There are some books that are so good as audiobooks that I can’t really imagine ‘reading’ them any other way. One of these for me is Olivia Joules and the Overactive Imagination by Helen Fielding (of Bridget Jones fame), read by Suzy Aitchison.
I had a situation this week, when the audio I was listening to in the car (Kate Morton’s The Distant Hours) was missing disc 9. Arrrgh! I had to stop listening of course, and so to alleviate my driving boredom, I slapped on Olivia Joules (which I keep on USB in my handbag at all times like a good-luck talisman).
It’s unashamedly a froth and bubble book, endlessly entertaining, laugh-out-loud funny. The novel is about Olivia, an English freelance journalist looking for her one big serious story, who nonetheless keeps on getting commissions for the ‘style section’ of the Daily Times. She’s sent to Miami to cover a celebrity face cream launch, where she meets the dashing Pierre Feramo, who she instantly suspects of being a terrorist. As Olivia chases one story after another, from Miami to LA to Honduras and beyond, she becomes more and more convinced he’s a terrorist… It’s all very ridiculous, but Olivia is such an engaging character, and it’s narrated so well, that I keep on dragging it out to listen to again.
And this is the thing. I’m almost convinced that my enjoyment of it is at least half due to the brilliance of the narration. I have by now bought the paperback as well, but I think I still prefer to listen.
I started listening to audiobooks several years ago, initially to accompany my 4km walk to and from work. I used to find the prospect of the next installment in the story would help drag me out of bed the required half hour earlier. Often I would find myself unable to stop listening when I made it home again, so I’d plug it into the stereo while cooking… or cleaning. They can sure get addictive. (This doesn’t happen when I listen in the car, because it’s too much hassle to disrupt the car system.)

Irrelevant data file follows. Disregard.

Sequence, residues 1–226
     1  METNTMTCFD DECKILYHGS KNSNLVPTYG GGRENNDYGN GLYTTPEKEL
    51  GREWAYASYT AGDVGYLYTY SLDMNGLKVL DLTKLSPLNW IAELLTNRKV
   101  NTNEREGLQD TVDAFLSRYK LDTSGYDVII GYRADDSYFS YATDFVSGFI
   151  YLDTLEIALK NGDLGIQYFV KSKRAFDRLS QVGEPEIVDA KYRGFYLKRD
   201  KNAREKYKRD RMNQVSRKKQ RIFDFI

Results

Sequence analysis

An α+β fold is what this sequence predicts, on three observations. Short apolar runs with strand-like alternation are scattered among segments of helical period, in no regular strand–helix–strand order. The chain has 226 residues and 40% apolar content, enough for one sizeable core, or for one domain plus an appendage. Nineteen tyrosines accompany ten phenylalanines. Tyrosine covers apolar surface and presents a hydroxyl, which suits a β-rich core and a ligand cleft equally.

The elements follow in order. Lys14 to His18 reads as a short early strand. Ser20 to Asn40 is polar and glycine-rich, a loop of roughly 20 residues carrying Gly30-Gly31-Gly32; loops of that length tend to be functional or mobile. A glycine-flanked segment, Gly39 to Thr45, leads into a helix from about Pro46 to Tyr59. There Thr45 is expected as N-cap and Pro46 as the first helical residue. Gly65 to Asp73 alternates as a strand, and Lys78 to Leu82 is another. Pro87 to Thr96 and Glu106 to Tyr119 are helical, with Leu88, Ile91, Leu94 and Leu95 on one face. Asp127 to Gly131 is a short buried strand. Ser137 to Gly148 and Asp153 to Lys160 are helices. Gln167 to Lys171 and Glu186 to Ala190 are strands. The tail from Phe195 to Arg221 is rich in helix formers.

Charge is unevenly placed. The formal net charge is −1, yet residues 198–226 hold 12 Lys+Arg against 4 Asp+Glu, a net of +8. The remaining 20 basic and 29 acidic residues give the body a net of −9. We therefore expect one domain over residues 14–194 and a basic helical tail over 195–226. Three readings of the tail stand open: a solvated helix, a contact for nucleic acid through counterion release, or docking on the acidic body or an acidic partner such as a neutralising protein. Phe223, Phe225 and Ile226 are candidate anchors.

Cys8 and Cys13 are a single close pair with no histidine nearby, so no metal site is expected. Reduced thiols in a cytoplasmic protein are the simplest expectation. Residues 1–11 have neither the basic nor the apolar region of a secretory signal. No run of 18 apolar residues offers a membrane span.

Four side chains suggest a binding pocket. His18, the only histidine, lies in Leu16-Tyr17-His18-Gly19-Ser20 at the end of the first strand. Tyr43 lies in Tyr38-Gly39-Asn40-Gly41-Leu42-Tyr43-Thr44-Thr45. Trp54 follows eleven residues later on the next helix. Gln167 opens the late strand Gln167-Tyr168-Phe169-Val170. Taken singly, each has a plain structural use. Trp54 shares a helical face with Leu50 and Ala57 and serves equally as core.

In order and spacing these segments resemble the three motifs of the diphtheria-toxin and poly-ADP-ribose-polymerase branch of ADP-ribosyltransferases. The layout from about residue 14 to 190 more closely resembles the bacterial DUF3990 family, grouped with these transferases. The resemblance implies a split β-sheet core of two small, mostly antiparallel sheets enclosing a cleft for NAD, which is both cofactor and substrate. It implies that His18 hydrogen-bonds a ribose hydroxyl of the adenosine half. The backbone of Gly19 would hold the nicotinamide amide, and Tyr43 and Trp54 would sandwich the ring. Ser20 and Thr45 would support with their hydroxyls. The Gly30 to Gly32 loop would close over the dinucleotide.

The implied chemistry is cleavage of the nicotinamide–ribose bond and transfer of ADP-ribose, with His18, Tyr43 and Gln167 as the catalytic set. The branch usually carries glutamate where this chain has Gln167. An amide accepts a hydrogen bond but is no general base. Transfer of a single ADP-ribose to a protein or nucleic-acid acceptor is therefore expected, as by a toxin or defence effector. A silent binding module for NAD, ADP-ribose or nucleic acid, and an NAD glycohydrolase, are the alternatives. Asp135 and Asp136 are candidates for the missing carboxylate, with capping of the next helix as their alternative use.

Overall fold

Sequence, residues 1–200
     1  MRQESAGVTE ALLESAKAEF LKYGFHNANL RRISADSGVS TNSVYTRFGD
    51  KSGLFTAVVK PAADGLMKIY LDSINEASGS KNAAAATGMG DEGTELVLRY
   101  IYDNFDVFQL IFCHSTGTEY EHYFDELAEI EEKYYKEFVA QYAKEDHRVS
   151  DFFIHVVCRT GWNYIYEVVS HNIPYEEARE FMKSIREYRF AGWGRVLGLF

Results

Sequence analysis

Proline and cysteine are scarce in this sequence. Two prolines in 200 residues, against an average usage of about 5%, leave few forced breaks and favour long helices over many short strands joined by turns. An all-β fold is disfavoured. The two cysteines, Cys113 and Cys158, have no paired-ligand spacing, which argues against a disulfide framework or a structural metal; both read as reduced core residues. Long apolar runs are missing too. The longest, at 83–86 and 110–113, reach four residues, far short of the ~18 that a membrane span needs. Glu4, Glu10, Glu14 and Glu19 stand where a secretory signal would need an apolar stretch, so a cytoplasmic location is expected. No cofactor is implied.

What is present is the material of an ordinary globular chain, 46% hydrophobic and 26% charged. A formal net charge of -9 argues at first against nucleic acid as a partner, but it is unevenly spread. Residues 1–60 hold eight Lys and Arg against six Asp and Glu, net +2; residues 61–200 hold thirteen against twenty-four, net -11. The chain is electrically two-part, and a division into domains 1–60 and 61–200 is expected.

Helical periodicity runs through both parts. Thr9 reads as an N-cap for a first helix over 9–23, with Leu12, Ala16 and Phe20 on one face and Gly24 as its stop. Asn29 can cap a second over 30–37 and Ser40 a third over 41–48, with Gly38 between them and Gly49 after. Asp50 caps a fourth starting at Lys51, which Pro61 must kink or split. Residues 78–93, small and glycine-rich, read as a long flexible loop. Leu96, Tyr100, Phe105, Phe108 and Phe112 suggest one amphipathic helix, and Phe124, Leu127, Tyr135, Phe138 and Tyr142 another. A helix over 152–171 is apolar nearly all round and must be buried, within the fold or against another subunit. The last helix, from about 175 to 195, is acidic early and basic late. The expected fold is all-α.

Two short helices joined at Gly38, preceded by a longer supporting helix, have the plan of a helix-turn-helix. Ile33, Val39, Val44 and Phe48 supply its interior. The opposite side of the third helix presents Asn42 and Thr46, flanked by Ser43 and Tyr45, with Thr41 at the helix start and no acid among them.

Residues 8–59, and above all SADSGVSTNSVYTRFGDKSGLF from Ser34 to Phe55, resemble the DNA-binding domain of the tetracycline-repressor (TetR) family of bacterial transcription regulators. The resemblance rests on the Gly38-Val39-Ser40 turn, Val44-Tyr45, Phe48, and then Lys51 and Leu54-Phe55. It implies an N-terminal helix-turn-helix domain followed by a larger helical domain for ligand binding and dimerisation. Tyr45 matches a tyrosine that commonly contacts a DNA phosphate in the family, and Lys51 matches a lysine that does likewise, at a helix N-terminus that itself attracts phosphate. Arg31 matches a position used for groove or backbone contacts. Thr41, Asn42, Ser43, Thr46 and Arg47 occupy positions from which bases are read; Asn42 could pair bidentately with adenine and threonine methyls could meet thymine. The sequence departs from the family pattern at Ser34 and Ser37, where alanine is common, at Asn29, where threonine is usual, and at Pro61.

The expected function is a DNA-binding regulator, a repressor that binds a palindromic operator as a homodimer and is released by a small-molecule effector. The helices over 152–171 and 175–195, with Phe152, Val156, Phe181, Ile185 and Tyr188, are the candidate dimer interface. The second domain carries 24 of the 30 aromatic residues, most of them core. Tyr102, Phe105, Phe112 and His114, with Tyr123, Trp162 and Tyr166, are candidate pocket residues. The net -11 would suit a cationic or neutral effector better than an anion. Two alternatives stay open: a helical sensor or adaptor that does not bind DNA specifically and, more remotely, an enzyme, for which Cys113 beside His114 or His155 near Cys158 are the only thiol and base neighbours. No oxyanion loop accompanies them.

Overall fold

I also find audiobooks particularly good for literature and classics. It’s because the reader goes to all the trouble to add texture and meaning… it’s like a performance.
Virginia Woolf is awesome in audio. And having Richard Dawkins and his wife narrate The God Delusion makes his meaning very clear. Then when it came to A.S.Byatt’s Persuasion, I both listened and read the book in tandem — effectively reading it twice. There’s so much poetry in that novel that it really helped me to have it interpreted.
So in answer to Question 5 (audiobooks or paperbacks?) in those 11 questions I started answering a few months ago, I would have to say ‘it depends’. Clearly for me there are some books where the narrator adds to the enjoyment.
Moreover, I suspect I’ve listened to some books I might not have made it through if reading, so perhaps for those borderline books (whether it’s because they’re a bit too slow, a bit too dull, a bit too long, or requiring a bit more effort) audiobooks win too!
I’m interested to know whether those readers here who already listen to audiobooks have any favourites where the audio experience surpasses the paperback? What are some of your favourites?